Monday, August 5, 2019

Unizor - Physics4Teens - Energy - Energy of a Nucleus

Notes to a video lecture on

Energy of Nucleus

In this lecture we will analyze the energy aspect of nucleus - the central part of an atom.

By now we have built a pyramid of energy types, related to the depth of our view inside the matter.

First, we analyzed the mechanical energy - the energy of moving macro-objects.

Our next view deep into the world of macro-objects uncovered the molecules - the smallest parts of macro-objects that retain their characteristics. The movement of these molecules was the source of thermal energy, which we often call the heat.

Next step inside the molecules uncovered atoms, as the molecules'
components. There are about 100 types of atoms and their composition
inside the molecules creates all the thousands of different molecules. Chemical reactions
change the composition of atoms in molecules, thereby creating new
molecules from the atoms of old molecules. This process broke some
inter-atomic bonds and created the new ones and is the source of chemical energy.

Now we look deep inside the atoms and find there 3 major elementary particles - electrically positively charged protons and electrically neutral neutrons inside a small but heavy nucleus and electrically negatively charged electrons,
circulating around nucleus on different orbits. For electrically
neutral atoms the numbers of protons and electrons are equal. Nuclear energy is hidden inside the nucleus and is the subject of this lecture.

The first question we would like to answer is "What holds nucleus, its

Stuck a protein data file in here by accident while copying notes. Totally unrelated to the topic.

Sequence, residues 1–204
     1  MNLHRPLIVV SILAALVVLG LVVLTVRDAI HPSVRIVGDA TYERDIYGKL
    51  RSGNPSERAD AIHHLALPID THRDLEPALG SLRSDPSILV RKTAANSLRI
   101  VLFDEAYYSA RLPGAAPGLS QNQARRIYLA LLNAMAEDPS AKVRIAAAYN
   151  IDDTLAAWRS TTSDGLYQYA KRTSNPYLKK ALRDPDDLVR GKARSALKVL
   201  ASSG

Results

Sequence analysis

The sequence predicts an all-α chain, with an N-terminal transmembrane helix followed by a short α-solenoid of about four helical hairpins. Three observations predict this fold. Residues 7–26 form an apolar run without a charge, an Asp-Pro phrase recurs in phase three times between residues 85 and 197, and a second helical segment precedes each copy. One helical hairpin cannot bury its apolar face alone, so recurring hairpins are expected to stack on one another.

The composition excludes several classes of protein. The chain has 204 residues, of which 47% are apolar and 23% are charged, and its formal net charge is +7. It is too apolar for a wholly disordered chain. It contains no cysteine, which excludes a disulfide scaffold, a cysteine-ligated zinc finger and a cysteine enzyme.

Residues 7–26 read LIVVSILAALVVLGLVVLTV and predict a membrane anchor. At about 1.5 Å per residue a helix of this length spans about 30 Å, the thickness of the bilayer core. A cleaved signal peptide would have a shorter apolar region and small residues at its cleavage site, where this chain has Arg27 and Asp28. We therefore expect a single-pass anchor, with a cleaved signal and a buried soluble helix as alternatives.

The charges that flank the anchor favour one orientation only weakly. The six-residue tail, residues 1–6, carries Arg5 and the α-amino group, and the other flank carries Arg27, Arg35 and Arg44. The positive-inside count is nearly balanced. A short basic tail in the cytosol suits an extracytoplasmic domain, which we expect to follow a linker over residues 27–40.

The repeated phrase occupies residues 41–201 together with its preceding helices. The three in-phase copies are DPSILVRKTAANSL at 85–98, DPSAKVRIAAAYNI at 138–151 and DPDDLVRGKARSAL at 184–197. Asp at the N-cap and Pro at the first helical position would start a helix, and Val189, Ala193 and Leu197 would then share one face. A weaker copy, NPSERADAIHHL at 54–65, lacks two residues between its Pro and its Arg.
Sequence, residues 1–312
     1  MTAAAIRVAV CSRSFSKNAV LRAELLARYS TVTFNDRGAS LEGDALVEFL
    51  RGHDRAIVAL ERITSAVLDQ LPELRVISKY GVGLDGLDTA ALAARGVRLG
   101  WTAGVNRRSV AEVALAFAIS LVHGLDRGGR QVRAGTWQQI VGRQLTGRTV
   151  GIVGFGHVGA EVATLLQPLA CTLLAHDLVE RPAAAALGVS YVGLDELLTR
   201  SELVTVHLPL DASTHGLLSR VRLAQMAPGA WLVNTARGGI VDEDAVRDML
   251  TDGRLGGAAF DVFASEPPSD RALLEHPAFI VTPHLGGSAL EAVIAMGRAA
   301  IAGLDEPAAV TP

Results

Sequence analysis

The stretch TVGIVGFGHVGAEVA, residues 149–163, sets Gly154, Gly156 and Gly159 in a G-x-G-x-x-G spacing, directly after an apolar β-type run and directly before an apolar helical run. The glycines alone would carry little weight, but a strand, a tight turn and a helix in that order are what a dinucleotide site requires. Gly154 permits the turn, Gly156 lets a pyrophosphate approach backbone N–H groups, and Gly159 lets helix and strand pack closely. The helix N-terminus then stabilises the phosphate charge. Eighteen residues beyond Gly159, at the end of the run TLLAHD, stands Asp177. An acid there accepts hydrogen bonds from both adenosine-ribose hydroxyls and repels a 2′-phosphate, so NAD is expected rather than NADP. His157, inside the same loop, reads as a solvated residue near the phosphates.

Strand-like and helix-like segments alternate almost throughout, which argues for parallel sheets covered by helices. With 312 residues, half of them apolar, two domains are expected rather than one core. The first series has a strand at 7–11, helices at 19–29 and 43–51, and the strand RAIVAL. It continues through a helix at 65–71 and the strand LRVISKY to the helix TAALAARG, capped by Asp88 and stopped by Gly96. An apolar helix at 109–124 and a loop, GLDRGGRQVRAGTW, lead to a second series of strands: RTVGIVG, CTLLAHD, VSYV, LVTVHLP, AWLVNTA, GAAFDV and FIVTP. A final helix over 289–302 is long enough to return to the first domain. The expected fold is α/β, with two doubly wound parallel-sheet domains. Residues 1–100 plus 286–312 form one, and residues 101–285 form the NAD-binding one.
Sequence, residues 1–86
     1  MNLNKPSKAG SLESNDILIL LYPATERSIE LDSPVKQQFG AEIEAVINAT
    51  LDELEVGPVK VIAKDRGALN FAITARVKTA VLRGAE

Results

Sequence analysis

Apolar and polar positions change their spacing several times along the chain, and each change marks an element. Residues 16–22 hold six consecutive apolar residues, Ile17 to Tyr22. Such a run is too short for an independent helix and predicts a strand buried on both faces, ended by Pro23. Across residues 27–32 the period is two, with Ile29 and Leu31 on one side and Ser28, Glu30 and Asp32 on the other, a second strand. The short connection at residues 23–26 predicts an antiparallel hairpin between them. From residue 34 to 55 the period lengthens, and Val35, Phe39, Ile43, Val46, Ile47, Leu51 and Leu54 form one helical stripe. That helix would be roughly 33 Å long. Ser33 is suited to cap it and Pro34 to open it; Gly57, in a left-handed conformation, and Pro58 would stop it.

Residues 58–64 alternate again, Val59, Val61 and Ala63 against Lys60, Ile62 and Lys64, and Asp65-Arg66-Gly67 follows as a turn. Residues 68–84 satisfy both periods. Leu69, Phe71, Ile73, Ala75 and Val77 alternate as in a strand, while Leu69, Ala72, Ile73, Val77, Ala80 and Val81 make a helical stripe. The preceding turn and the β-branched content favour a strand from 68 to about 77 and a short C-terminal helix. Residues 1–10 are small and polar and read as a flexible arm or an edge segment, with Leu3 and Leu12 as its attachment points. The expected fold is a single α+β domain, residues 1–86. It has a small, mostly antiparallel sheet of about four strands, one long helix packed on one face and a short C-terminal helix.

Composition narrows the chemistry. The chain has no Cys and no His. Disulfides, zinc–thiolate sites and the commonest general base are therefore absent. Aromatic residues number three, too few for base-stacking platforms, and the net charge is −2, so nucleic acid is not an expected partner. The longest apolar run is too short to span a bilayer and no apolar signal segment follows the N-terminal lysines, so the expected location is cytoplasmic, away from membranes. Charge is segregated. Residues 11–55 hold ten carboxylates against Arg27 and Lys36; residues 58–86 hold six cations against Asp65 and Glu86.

protons and neutrons, together, considering protons, as electrically
positively charged particles must repel each other?"

The answer is simple. There are other forces in the Universe, not only
electrostatic ones, that act in this case. These intra-nucleus forces
that hold the nucleus together are called strong forces. They are strong
because they are the source of attraction between the protons that is
stronger than electrostatic repelling. However, these strong forces act
only on a very small distance, comparable to the size of a nucleus
inside an atom. For example, at a distance 10−15m the strong force is more than 100 times stronger than electrostatic one.

If, by regrouping protons and neutrons, we will be able to create different atoms (inasmuch as regrouping atoms in chemical reaction we create new molecules), a new source of energy, based on strong forces, the nuclear energy, can be uncovered in the course of nuclear reaction.

There is another form of nuclear reaction related to
transformation of elementary particles. Under certain circumstance a
neutron inside a nucleus can transform into proton and, to keep the
total electrical charge in balance, it emits an electron. This reaction
is called beta-decay and it also produces energy in the form of electromagnetic waves of very high frequency (gamma-rays).

Nuclear reactions are a very powerful source of nuclear energy, which is
so much more powerful than other types of energy, that, if misused, it
might represent a danger for life on our planet.

There is a clear analogy between nuclear and chemical reactions.

What happens with atoms in the chemical reaction, happens with protons
and neutrons in nuclear reaction. Some atomic bonds break in a chemical
reaction, some are created. Some nuclear bonds between protons and
neutrons break in a nuclear reaction, some are created.

Sometimes the chemical reaction happens by itself, as long as
participating substances are close together, but sometimes we have to